Reviewed by Brigitte Le Normand (UCLA)
Published on HABSBURG (January, 2004)
Normalizing the Balkans
It has been the consensus among scholars in North America and Europe that the Balkans has a problem with nationalism. The roots of that conviction lie in the recent turbulent Yugoslav conflicts, which were seen as demonstrating that the Balkans were completely different from the rest of Europe. Maria Todorova refuted this notion in Imagining the Balkans, arguing instead that these wars in fact constituted a Europeanization of the region, its ultimate transformation into a series of distinct homogeneous nation-states. In her introduction to the collection of essays in Balkan Identities, Todorova once more takes up this argument, presenting the essays as "an attempt to normalize the Balkans" (p. 17)--to approach nation and nationalism in the region not as a pathological phenomenon peculiar to the peninsula, but as part of broader historical processes. This is a much-needed corrective in scholarship on the Yugoslav conflicts, both of the tendency to portray the region as riven by primordial ethnic hatreds, and of the opposite approach, which holds that nationalism played a lesser role in the disintegration of the country than other economic and political factors.
This project is also significant in that it is representative of a broader trend of bringing scholars from East and West into dialogue. The essays themselves came out of an international conference held in June 1999. Such collaborative efforts force Western scholars to deal with indigenous perspectives, break down walls of intellectual isolation that were erected during the Cold War, and provide opportunities for cross-fertilization.
Some of the essays are quite excellent and contribute new perspectives. Stephanie Schwandner-Sievers's fascinating article offers insights into the utilization of the past in transitional periods. She explores the uses of tradition in present day Albania, contrasting the revival of Kanun law among the mountain villagers of Northern Albania to the myths of origin conjured by the Aromanians in the post-communist period. In both cases, actors mobilize the past to situate themselves within a reconfiguring society and jockey for scarce resources. Schwandner-Sievers sees the Aromanians as adopting a more promising strategy, which she describes as globalizing; whereas the revival of the blood feud in Albania cuts off the highlands from the rest of the country, the Aromanians make alliances with the Greeks or the Romanians on the basis of common ancestry, creating access to goods across boundaries.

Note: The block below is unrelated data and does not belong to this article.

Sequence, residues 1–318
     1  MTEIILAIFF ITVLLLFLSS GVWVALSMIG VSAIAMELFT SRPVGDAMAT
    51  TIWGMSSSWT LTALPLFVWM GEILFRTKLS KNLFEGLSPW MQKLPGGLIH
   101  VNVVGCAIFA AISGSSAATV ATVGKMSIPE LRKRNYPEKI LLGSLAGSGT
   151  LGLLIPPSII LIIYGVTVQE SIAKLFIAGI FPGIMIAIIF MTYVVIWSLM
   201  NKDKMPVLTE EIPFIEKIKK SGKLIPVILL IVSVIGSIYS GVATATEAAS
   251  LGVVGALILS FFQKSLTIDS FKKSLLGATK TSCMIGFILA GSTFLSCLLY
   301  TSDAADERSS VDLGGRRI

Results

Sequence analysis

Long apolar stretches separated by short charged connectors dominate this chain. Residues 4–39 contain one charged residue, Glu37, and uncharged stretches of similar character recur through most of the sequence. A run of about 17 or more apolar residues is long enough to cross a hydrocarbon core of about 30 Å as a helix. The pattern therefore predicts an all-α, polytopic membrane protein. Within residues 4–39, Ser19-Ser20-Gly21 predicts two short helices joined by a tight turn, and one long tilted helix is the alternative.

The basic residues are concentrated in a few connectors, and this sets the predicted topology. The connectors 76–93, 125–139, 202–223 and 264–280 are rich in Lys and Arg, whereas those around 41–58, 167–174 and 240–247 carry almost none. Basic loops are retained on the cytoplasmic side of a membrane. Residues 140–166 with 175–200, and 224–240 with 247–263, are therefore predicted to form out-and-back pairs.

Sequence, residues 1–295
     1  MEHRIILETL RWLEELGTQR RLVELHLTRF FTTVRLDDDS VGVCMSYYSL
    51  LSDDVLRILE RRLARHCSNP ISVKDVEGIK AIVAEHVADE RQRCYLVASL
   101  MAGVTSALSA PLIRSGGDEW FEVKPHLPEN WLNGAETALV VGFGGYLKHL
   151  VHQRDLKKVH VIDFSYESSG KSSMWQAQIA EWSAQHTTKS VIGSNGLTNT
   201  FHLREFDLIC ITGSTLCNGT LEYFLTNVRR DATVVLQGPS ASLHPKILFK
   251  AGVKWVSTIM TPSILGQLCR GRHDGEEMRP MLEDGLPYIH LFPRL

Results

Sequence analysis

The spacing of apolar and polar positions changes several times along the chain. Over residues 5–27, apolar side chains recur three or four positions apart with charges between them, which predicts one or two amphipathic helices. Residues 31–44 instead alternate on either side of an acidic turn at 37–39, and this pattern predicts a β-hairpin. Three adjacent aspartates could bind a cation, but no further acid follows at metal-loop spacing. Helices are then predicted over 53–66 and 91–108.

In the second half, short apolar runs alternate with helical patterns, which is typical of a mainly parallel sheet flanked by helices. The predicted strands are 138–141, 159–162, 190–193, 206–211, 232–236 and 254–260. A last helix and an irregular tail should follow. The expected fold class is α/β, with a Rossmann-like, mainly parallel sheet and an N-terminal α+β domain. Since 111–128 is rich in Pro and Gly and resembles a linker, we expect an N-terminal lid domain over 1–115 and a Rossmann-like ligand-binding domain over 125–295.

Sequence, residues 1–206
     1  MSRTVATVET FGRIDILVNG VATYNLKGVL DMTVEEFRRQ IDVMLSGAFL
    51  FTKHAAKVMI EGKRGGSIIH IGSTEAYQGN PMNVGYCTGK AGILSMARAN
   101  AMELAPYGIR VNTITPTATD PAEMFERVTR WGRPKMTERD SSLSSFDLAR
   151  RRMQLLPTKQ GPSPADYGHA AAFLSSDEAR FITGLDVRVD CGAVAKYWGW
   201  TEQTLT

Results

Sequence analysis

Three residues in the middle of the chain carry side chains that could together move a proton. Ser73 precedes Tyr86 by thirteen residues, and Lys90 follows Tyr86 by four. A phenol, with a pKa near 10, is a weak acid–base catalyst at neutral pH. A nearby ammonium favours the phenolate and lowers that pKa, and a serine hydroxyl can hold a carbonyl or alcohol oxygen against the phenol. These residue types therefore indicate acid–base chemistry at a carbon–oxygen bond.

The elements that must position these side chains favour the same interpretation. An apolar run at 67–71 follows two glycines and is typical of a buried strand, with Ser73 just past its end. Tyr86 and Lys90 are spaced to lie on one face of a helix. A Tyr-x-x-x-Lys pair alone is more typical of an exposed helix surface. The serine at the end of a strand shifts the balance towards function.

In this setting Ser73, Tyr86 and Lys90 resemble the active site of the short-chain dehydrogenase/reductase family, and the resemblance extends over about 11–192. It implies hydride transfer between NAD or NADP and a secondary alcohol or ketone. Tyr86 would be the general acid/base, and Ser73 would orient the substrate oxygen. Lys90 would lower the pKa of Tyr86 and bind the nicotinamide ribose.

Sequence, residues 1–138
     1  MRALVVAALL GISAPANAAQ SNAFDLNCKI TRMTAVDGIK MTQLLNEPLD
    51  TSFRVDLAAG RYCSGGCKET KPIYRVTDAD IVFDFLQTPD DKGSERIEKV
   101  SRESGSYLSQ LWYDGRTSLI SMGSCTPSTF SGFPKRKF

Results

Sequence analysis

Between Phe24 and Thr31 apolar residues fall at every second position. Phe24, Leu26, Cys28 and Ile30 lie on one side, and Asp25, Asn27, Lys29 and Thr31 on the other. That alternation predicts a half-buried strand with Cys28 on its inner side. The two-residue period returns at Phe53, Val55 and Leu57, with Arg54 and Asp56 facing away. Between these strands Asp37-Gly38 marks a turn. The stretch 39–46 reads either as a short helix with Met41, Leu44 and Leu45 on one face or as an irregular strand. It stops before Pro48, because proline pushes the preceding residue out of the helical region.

Other more historical essays are focused on textual analysis. Diana Mishkova and Robert Shannan Peckham offer nuanced appraisals of the mobilization of national myths by politicians during the nation-building era in the Balkans. Mishkova sees national myths as having been mobilized both in Serbia and Romania in the late 19th century by political elites who were painfully aware of the backwardness of their countries in relation to Western Europe, and who sought answers to this dilemma in the past. In Serbia, the liberal politicians "discovered" institutions of representative democratic rule in the traditional peasant assemblies and collective ownership, an idea that would later be taken up by the radicals to mobilize the peasants. In the Romanian case, the presence of a substantial propertied class fostered the rise of a political project based on the cult of private property by the ancient Dacians. In both cases, the elite argued that the Ottoman regime was oppressing the natural liberal-democratic tendencies of their people. Shannan Peckham explores how regional traditions in Greece were mobilized as examples of quintessential "Greek-ness," at the same time as regional differences were being eliminated as part of an integrative nation-building process.
Keith Brown's essay explores national myths as a genre, searching for the archetypal hero and villain. He compares the life story of Boris Sarafov, a participant in the Macedonian liberation struggle in the early twentieth century, to the manner in which he has been remembered, and compares these narratives to other narratives of heroism and villainy. He argues that villains are personalities that are presented as impure or hybrid, individuals who cannot be relied upon because they are not fixed but move between two worlds, such as shepherds. Thus, Sarafov was ultimately portrayed as a villain because he could not be reliably be ascribed to one side. This raises the performative function of national myths and patriotic history more generally: to proscribe ambiguous identities as threatening to the integrity of the nation.